"I'm just humbled," Pujols said.
Pujols won unanimously Tuesday, becoming the first player to repeat since Bonds won four in a row from 2001-04. Pujols, who also won in 2005, received all 32 first-place votes and 448 points in balloting announced by the Baseball Writers' Association of America. He became the first unanimous MVP since Bonds in 2002.
A big part of the Cardinals' success this year was the acquisition of Matt Holliday in July. Holliday, who hit cleanup behind Pujols, helped St. Louis win the NL Central and then became a free agent.
"The whole city of St. Louis wants Matt back and myself, obviously," Pujols said. "He came at the right time, right when we needed it, right when we were struggling a little bit."
While the Cardinals have five division titles and six playoff appearances in nine seasons since Pujols joined the team, they have won the World Series only once, in 2006.
"I always make a joke. I got 10 fingers. I want to get nine more rings," he said. "I want to get as many as Derek Jeter has so far [five]. Obviously that's hard to do."
Pujols does have one individual goal -- the Hall of Fame.
"Obviously, there is still a long way to go," he said.
Pujols led the majors in homers (47), runs (124), slugging percentage (.658) and intentional walks (44), and topped the NL in on-base percentage (.443). He was second in the league in doubles (45) and third in batting average (.327) and RBIs (135).
He was especially dangerous with the bases loaded, going 10 for 17 with five grand slams, three doubles and 35 RBIs.
"I think it was the most consistent year," he said. "I was pretty much hot April until almost September."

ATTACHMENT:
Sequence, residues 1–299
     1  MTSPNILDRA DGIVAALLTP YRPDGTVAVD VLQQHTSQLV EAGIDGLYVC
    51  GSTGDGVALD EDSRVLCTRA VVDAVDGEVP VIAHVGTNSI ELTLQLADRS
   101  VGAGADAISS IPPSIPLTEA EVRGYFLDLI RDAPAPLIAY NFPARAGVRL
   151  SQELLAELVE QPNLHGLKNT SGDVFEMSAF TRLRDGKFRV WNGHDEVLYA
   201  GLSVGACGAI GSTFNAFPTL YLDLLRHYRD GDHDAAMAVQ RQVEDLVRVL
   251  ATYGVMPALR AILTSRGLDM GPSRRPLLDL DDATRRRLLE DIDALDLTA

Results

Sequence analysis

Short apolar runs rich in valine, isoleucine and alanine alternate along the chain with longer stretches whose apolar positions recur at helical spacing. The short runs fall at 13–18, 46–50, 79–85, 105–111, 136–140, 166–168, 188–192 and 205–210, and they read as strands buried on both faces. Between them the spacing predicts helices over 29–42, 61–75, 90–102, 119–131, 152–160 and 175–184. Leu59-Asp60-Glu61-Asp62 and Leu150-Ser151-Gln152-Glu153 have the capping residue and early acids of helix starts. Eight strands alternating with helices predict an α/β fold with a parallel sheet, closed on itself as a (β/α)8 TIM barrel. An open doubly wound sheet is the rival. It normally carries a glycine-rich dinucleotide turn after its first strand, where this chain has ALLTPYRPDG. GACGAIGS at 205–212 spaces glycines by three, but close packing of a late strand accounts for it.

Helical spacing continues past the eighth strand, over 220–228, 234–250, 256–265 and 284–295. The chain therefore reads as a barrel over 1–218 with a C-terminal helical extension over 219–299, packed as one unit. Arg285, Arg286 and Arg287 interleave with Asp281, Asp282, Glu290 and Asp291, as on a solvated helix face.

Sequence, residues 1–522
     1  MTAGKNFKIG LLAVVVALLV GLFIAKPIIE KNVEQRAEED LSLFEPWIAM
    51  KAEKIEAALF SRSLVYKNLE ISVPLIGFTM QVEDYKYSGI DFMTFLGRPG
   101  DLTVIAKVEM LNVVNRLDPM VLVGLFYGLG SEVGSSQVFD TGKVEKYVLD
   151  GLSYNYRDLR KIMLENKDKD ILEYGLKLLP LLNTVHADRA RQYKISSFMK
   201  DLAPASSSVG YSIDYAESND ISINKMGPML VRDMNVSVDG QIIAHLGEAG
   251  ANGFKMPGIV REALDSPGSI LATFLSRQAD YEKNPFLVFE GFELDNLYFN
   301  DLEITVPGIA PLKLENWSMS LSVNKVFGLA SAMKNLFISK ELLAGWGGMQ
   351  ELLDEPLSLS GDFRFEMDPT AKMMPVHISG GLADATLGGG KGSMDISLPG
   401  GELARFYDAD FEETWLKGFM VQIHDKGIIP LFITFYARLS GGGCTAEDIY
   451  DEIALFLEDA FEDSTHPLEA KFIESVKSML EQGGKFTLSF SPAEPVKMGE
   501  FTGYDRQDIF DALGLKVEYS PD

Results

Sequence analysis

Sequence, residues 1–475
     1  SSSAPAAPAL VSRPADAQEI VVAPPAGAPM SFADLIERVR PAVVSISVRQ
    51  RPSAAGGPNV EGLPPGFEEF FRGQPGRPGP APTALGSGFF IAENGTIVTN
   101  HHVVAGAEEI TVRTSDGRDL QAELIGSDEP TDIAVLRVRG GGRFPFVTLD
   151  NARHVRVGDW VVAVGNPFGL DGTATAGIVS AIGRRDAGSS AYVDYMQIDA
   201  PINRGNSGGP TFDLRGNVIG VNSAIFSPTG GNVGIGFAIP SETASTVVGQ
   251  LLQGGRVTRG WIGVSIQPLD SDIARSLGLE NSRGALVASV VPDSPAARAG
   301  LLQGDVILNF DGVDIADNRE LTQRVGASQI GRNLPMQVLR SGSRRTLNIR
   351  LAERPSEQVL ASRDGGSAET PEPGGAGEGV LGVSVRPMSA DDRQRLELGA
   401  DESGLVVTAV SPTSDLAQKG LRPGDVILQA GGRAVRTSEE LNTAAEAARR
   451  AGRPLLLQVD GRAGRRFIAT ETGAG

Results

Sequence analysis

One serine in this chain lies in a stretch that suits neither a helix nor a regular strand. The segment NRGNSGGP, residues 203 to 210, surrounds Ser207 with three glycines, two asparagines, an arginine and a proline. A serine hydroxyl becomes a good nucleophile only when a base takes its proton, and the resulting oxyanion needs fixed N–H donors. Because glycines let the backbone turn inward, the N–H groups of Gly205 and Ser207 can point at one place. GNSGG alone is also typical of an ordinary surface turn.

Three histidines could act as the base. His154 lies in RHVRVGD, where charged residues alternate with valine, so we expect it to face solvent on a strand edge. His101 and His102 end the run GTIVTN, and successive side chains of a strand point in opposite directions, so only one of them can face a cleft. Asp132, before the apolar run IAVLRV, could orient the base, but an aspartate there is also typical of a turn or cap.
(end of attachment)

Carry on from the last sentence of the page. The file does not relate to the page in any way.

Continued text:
Florida's Hanley Ramirez, the NL batting champion, was second with 233 points, followed by Philadelphia's Ryan Howard (217) and Milwaukee's Prince Fielder (203), who tied Howard for the big league lead in RBIs at 141.
Pujols didn't homer in his final 89 regular and postseason at-bats after Sept. 9, then had surgery Oct. 21 to remove a bone spur from his right elbow. He had feared he might need ligament replacement, which probably would have forced him to miss the first half of next season.
"My elbow was fine," Pujols said. "I don't put that as an excuse. I was still playing every day out there."
Pujols, who turns 30 in January, joined Hall of Famer Al Simmons (11) as the only players with 100 or more RBIs in each of their first nine seasons. Pujols also set a big league record for assists by a first baseman with 185.
Pujols became the fourth player to win the NL MVP three times. Bonds won seven in the 1990s and 2000s. Stan Musial (1940s), Roy Campanella (1950s) and Mike Schmidt (1980s) each won three.
Five players have won three AL MVPs: Jimmie Foxx, Joe DiMaggio, Yogi Berra, Mickey Mantle and Alex Rodriguez.
In addition to Pujols and Bonds, the only unanimous NL winners were Orlando Cepeda (1967), Schmidt (1980), Jeff Bagwell (1994) and Ken Caminiti (1996). Unanimous AL winners have been Hank Greenberg (1935), Al Rosen (1953), Mantle (1956), Frank Robinson (1966), Denny McLain (1968), Reggie Jackson (1973), Jose Canseco (1988), Frank Thomas (1993) and Ken Griffey Jr. (1997).
St. Louis players have won 17 MVPs, second in the majors behind 20 for the Yankees. Pujols has been voted among the top 10 in nine consecutive years, finishing second in 2002, 2003 and 2006; third in 2004; fourth in 2001; and ninth in 2007.
Pujols receives a $200,000 bonus for winning the award. He is signed for next season at $16 million, and the Cardinals hold a $16 million option for 2011, so the sides might soon turn their attention to a contract extension.
"We don't want this to drag into the 11th hour, but nothing's imminent," Cardinals general manager John Mozeliak said in St. Louis. "I don't think anybody could envision what he's accomplished, on and off the field."